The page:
One area where the two companies are both retrenching is in their collaborative clients. Microsoft has deprecated Skype for Business for most customers that had used the version hosted through Office 365, and it has required these customers to do a forced march toward Microsoft Teams. At the same time, Cisco has been working on rationalizing its clients from four different products/interfaces (UC-One, Jabber, Webex Teams, and Webex Meetings) down to just two (Webex Teams and Webex Meetings). Jabber will still exist, but it has the same basic user interface as Webex Teams. Furthermore, a modular version of this unified Cisco client will be available to service providers that wish to package different collaboration capabilities specific to the markets they serve.
Each company dominates in certain areas. For example, Microsoft shines with its Office suite (Word, PowerPoint, Excel, etc.), collaboration (Teams), and cloud computing (Azure). Cisco dominates in IP-based telephony, web collaboration (Webex Meetings), video hardware, and contact center. Both companies are enhancing their platform capabilities to enable integration with both third-party applications and internal developments. Cisco also is making headway into integrating with Microsoft Teams, primarily through add-ins that surface Cisco calling and collaboration capabilities as well as with an Azure-hosted gateway that enables Cisco video endpoints to participate in Microsoft Teams meetings.
Both companies are trying to make their solutions more effortless to manage. Microsoft continues to update and innovate its Office 365 admin panels, including its call quality dashboard. Cisco has created Webex Control Hub, providing a single pane of glass that lets administrators manage and run hosted telephony, collaboration, Webex Meetings, and soon contact center. Going forward, enterprise decision makers are going to have to consider management for a product suite versus an ecosystem.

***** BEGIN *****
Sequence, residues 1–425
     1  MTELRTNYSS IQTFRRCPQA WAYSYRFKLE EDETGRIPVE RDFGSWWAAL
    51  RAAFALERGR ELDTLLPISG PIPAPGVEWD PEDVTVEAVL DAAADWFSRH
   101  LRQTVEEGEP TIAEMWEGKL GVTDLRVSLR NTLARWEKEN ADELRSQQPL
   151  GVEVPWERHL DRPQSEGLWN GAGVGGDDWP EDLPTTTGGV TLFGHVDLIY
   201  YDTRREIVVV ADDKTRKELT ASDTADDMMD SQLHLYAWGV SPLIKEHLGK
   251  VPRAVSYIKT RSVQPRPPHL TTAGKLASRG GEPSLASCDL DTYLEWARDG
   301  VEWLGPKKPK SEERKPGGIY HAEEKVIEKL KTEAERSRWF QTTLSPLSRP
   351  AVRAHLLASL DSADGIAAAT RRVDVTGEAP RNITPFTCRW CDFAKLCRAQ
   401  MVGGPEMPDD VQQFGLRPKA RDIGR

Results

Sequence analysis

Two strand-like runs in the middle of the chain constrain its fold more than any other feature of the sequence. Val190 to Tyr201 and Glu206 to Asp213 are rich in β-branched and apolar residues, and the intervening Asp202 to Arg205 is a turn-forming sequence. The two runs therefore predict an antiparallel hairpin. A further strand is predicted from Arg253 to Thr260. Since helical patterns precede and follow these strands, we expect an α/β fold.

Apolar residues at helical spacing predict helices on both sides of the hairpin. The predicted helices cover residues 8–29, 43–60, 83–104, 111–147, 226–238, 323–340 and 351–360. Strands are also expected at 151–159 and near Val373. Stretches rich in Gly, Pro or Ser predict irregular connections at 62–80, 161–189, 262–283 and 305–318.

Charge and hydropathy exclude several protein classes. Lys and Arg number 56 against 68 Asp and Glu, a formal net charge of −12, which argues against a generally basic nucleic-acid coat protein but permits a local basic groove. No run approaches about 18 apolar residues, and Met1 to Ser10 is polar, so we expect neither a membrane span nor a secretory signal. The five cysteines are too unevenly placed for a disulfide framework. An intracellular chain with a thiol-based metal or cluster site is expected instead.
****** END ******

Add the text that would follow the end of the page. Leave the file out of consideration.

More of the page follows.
Overall, the two companies are each running major offensives while at the same time retrenching in areas where they’ve lost ground to one another or are in a stalemate. They’re continuously retooling and rearming. Frankly, it appears that neither will be able to do a knockout blow to the other because many organizations need capabilities in the control planes from both parties. At our session this year at Enterprise Connect, we’ll be comparing the companies in areas like meeting tools, telephony, video, cost, as well as in their approaches to Firstline workers, platform services, customer communications, management tools, and more. It promises to be an electrifying view of titans clashing and an industry in transition.
Add the session titled, “Microsoft vs. Cisco 2020: The Platform Transformation,” to your EC 2020 agenda. See you there!